by Jon S.
At first glance, the Los Angeles that scrolls past the downtrodden drifter played by Roddy Piper in They Live, John Carpenter’s 1988 satire-masquerading-as-horror-sci-fi, is a fairly routine one: sun-drenched, sprawling, alternately pretty and grimy. However, that all changes when he finds a pair of special sunglasses that makes him see L.A. (and the world at large) for what it apparently is: a black-and-white-tinted playground for aliens who have infiltrated the highest corridors of power, both corporate and government, and are silently pulling the strings of the clueless masses through subliminal messages.
They Live is part of Scarecrow’s April Crosscut of Protest! flicks, exploring movies in which immovable objects meet opposing forces – resulting in lots of mayhem. And, boy, does it ever rain mayhem in They Live. It all starts when Nada, our drifter who looks a lot like a certain famous WWF wrestler, hits El Lay and discovers times are tough for those not born with a silver spoon (or even a bronze one) in their mouth. He eventually lands a construction job and makes the acquaintance of Frank Armitage (David Keith). Unfortunately, Nada turns out to be too sharp for his own good and notices some odd goings-on in a chuch adjacent to the homeless camp he and Frank live in. Even more unfortunately, so do the LAPD.
Before you know it, the authorities raze both the camp and the church. But not before Nada discovers a hidden compartment in the church where he find boxes and boxes of… sunglasses. As you can probably already guess, these aren’t your usual Ray-Bans. It isn’t long before Nada is seeing everything around him in a new light – and that’s both good and bad. It’s good because now he knows every fourth or fifth person around him is really an alien with a face that looks like a cross between the Grim Reaper and Fire Marshall Bill. It’s bad because said aliens eventually pick up on the fact that Nada knows all about them. Uh oh.
This all leads to Nada’s discovery of an underground faction of rebels who are attempting to blow the aliens’ cover and show the rest of the world what’s what. However, if you think the upwardly-mobile aliens are going to just sit back and let their comfy arrangement go to pieces at the hands of some pesky working-class humans without a fight, well, then you obviously underestimate how vicious 80’s yuppies can be. Particularly when their BMWs, Armani suits, and vast supplies of Perrier are threatened. I don’t have to tell you that fireworks ensue.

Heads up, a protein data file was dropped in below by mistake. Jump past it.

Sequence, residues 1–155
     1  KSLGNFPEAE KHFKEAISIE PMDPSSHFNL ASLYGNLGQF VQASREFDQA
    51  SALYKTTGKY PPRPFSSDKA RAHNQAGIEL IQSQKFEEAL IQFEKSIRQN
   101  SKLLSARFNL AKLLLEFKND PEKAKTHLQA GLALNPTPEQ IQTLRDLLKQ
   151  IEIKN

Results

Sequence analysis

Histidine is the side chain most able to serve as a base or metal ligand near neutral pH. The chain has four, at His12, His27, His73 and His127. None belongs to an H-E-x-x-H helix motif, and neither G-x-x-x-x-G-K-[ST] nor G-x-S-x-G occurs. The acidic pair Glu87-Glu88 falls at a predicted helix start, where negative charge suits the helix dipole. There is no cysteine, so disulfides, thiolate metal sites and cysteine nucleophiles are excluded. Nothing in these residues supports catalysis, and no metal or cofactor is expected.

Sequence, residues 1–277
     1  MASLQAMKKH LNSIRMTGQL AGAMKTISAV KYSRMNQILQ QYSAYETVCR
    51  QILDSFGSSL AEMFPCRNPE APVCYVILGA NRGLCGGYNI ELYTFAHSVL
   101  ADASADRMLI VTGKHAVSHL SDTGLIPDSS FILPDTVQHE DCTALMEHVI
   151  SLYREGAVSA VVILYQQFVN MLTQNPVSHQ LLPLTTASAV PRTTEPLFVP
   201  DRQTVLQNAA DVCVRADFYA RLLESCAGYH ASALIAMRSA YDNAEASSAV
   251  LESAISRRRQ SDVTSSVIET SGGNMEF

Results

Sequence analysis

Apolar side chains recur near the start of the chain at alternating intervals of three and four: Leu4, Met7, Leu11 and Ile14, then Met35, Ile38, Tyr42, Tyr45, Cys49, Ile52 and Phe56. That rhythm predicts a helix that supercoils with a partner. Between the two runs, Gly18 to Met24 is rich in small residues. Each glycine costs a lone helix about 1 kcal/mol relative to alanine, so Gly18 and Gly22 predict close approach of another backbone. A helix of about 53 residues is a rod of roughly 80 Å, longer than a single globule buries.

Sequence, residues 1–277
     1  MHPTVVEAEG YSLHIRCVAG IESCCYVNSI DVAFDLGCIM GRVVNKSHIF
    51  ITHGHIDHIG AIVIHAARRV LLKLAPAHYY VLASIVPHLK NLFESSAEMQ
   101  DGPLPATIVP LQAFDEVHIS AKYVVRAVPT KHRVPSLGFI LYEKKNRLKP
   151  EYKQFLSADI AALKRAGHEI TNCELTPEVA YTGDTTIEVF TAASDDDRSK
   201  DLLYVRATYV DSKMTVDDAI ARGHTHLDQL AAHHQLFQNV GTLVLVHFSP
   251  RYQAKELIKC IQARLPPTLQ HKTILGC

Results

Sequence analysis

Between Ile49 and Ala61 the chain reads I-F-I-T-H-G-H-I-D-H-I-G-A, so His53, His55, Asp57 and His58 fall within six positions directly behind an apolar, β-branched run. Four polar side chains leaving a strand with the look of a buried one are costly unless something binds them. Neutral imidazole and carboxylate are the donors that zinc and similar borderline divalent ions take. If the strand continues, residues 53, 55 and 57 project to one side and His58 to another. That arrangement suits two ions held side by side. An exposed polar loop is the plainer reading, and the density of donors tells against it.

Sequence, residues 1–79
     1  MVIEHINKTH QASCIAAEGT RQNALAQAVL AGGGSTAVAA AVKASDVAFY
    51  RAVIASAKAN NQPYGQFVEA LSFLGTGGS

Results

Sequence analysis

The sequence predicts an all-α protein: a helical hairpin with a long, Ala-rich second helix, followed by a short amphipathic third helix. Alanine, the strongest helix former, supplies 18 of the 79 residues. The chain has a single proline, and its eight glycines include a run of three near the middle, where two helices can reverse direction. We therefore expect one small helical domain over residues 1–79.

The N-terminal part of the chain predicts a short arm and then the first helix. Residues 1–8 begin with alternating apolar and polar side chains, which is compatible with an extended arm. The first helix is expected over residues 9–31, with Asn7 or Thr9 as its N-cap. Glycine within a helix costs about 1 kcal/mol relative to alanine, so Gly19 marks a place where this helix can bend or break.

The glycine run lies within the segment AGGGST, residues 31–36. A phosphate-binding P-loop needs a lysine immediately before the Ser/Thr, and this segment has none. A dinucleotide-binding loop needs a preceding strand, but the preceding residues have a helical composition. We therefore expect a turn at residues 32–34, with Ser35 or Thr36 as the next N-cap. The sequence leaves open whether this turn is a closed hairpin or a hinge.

They Live is probably one of John Carpenter sharpest films, maintaining a somewhat whimsical tone pretty much until the end, but still driving its point home with ruthless efficiency. He could’ve easily given it the same serious, doom-laden atmosphere he gave his previous effort from the year prior, the underrated Prince of Darkness, but the effect would have not been quite the same. They Live succeeds because of how it effectively uses dark humor to deliver its commentary on the materialistic 80’s, Reaganomics, the rise of Yuppie Culture, and the ever-growing divide between the haves and have-nots.
Carpenter is aided by a solid trio of leads. The late WWF wrestler Rowdy Roddy Piper acquits himself well in his big-screen debut, turning the luckless Nada into a very sympathetic figure. The camera loves Piper and he holds his own quite well with his more experienced co-stars. Carpenter veteran David Keith is his usual decent, no-nonsense self as Frank. He’s the perfect foil for Piper, especially in a now-famous fight scene in a downtown L.A. alley that goes to hilarious lengths. Meg Foster is ostensible heroine Holly Thompson, a conflicted TV exec who gets pulled into the fray. Frankly, Foster’s role is not much more than an extended cameo but she’s such a stunning feline presence that she makes the role feel bigger than it actually is.
When you get down to it, though, They Live succeeds not just because it is an entertaining, well-acted horror/sci-fi flick. It resonates because it is also an incisive commentary on society, class differences, and human nature, delivering a criticism on the distortion of the Golden Rule with unerring precision: those who have all the gold may get to make all the rules – but does that make it right?
In closing, we’d like to dedicate this review to the late, great Rowdy Roddy Piper (4/17/54 – 7/31/15) who was called away to the Big Wrestling Ring In The Sky way too soon. Hope you’re chewing bubblegum and giving them hell up there.
John S. is a Scarecrow volunteer who loves James Bond, Jason Bourne, Italian Gialli, Argento, Hitchcock, Ridley Scott, Sandra Bullock in The Proposal, Julia Roberts in Pretty Woman, Theo James in anything, Steve Zahn in everything, Halloween (movie & holiday), South Park (cartoon & neighborhood), and Scarecrow Video – not necessarily in that order.